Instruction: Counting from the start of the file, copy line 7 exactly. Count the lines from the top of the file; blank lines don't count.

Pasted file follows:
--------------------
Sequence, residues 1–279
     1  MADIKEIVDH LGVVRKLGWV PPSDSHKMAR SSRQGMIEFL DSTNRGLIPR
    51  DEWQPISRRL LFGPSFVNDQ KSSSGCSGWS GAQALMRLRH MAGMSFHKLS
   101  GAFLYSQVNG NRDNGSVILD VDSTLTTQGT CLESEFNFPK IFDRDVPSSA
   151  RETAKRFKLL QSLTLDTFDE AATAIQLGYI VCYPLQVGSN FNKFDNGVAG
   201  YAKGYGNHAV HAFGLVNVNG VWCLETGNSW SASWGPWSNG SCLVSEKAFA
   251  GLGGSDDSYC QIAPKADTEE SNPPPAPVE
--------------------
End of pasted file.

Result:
   251  GLGGSDDSYC QIAPKADTEE SNPPPAPVE